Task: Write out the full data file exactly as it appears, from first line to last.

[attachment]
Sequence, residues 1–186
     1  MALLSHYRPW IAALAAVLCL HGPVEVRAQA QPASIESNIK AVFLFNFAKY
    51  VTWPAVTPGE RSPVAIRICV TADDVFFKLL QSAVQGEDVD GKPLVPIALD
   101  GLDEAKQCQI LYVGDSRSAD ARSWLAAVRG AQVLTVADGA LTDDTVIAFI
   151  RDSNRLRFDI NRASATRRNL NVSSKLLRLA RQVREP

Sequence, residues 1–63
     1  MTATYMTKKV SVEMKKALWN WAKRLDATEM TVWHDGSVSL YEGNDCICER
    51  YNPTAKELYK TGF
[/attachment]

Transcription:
Sequence, residues 1–186
     1  MALLSHYRPW IAALAAVLCL HGPVEVRAQA QPASIESNIK AVFLFNFAKY
    51  VTWPAVTPGE RSPVAIRICV TADDVFFKLL QSAVQGEDVD GKPLVPIALD
   101  GLDEAKQCQI LYVGDSRSAD ARSWLAAVRG AQVLTVADGA LTDDTVIAFI
   151  RDSNRLRFDI NRASATRRNL NVSSKLLRLA RQVREP

Sequence, residues 1–63
     1  MTATYMTKKV SVEMKKALWN WAKRLDATEM TVWHDGSVSL YEGNDCICER
    51  YNPTAKELYK TGF